BY THE LAKE
McGahern (Amongst Women, etc.) expertly captures the rhythms of smalltown Irish life in a graceful but underplotted novel that takes a diverse and gregarious cast of local characters through a transitional period in a lakeside village. Much of the narrative revolves around the daily life of the Ruttledges, a farming couple who become the focal point of the village's social interaction after they leave the London rat race for a more peaceful life. The most engaging and colorful characters in the book are John Quinn, a local womanizer whose life becomes a source of gossip and controversy when his bride leaves him right after the wedding, and a figurehead known as "the Shah," the richest man in the village, whose decision to sell his business represents a turning point in the town's way of life. Lurking in the background is a shadier political figure, Jimmy Joe McKiernan, whose involvement with the IRA poses a different kind of threat to the rhythms of daily life whenever a bout of upheaval and violence erupts. McGahern gets plenty of mileage from the poignant scenes describing the rituals and chores of farming along with the common social affairs that form the backbone of daily life, but the absence of a strong story line reduces this book to an extended character study. The author's warm, flowing prose makes that study an enjoyable read, but readers who pick this up based on McGahern's track record for well-reviewed and award-winning novels may find themselves disappointed. (Mar. 11)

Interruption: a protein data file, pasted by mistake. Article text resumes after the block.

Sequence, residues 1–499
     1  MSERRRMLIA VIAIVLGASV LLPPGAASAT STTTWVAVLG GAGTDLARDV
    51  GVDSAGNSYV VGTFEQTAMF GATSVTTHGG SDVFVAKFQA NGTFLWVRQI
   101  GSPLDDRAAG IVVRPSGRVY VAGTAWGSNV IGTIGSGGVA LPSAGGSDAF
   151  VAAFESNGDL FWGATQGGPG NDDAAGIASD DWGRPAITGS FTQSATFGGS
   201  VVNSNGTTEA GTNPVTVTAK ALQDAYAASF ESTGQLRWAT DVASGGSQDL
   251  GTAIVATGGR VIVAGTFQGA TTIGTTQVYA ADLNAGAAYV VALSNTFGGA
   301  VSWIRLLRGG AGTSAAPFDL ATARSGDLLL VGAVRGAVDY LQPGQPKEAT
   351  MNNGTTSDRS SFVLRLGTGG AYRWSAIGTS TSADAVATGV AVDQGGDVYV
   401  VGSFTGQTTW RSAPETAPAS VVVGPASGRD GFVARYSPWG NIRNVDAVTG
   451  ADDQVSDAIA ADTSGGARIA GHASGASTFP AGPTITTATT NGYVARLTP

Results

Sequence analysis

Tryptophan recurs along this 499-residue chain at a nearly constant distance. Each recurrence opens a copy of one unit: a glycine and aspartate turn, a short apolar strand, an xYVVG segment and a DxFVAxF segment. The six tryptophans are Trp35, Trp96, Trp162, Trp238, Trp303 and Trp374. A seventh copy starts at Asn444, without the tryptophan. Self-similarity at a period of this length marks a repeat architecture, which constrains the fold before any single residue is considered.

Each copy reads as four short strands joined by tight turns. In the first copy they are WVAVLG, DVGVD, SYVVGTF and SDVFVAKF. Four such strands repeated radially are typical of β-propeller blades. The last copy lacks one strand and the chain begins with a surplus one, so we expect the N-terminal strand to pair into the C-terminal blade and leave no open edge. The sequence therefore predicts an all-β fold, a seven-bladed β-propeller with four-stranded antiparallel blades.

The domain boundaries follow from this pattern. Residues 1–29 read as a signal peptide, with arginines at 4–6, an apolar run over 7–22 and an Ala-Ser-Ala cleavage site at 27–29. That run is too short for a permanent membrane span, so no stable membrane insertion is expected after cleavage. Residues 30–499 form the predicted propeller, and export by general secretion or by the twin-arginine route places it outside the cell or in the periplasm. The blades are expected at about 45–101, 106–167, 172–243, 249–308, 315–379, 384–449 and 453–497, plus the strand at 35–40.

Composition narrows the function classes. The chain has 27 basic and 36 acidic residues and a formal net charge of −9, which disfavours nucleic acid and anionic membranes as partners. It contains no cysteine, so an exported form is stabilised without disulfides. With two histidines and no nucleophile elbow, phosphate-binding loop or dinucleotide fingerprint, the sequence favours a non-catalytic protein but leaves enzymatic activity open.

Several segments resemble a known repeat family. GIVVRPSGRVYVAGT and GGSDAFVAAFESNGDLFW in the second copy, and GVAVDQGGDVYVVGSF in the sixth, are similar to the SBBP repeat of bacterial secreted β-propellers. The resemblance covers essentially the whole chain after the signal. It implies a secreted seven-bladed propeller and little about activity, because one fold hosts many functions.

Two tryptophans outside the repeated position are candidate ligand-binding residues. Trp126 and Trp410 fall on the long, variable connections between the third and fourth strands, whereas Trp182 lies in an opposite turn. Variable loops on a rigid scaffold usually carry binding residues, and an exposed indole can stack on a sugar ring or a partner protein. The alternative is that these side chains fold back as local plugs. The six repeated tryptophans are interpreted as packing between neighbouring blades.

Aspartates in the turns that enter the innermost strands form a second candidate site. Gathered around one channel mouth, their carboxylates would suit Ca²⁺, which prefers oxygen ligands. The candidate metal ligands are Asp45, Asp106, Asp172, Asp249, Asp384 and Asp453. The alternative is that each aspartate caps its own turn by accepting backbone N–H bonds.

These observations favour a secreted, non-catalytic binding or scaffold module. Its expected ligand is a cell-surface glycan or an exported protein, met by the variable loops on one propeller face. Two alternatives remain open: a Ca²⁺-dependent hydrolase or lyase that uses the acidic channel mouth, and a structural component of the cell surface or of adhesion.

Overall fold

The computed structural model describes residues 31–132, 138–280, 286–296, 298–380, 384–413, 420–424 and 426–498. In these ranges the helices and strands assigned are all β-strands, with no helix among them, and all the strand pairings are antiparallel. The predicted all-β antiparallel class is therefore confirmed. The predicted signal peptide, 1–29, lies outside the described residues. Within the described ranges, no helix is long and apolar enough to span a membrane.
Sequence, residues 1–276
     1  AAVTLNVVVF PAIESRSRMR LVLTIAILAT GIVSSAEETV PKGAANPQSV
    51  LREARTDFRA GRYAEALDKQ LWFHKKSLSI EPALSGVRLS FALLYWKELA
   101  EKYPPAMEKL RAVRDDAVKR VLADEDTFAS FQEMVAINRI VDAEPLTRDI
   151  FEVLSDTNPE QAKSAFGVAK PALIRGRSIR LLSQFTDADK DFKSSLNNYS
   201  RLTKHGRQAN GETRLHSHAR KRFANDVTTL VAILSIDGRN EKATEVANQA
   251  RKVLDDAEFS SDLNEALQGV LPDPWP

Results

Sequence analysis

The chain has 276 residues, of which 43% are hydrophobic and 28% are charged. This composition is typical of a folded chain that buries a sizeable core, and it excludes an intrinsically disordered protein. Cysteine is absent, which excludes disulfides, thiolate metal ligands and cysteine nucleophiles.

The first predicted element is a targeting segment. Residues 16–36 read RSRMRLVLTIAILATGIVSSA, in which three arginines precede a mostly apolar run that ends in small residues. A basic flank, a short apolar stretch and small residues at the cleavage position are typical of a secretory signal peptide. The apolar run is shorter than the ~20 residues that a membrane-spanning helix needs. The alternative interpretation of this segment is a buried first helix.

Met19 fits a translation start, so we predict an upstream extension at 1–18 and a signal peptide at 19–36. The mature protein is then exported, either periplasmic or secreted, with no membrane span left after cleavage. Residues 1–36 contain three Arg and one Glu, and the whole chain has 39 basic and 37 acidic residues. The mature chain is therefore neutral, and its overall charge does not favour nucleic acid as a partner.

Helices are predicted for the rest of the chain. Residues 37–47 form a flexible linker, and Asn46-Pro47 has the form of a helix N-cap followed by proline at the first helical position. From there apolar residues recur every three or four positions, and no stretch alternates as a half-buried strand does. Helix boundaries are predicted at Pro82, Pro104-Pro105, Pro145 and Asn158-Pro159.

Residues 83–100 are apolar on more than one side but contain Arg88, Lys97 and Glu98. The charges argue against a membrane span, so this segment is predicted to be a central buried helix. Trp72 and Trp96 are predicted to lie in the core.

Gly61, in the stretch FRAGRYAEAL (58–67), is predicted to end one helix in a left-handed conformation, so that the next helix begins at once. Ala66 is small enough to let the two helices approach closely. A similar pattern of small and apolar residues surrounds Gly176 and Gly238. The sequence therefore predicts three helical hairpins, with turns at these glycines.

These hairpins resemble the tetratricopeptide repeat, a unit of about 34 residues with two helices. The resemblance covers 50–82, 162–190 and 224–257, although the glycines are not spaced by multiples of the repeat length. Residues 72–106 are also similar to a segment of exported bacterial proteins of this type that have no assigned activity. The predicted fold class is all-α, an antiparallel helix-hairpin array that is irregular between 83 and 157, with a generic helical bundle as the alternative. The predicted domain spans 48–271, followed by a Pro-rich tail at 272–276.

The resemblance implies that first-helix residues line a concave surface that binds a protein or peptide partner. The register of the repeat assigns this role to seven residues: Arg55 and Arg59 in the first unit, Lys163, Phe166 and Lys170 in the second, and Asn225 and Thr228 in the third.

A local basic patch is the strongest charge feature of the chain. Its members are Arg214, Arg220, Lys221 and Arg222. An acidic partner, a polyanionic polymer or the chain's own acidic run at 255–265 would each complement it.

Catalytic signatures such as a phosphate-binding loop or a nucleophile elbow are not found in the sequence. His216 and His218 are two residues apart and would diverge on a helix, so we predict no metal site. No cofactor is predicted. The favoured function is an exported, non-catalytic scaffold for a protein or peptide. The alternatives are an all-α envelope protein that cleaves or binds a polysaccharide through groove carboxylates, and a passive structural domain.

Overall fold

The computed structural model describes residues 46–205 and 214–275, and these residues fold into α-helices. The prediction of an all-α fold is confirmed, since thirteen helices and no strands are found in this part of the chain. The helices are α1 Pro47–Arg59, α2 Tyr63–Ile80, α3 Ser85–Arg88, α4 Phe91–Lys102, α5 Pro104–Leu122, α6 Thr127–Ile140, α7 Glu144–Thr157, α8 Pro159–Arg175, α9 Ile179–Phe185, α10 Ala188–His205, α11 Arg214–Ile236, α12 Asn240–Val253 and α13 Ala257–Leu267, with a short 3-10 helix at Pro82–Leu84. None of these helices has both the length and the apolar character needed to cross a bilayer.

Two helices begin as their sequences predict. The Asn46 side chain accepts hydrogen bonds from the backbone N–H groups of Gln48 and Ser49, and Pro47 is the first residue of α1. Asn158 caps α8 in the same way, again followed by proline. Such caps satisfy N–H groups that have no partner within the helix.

Forecast:Nearly 10 years have gone by since the publication of McGahern's last book—his Collected Stories—so this offering will likely be thoroughly scrutinized by reviewers, for better or for worse.
Release date: 03/01/2002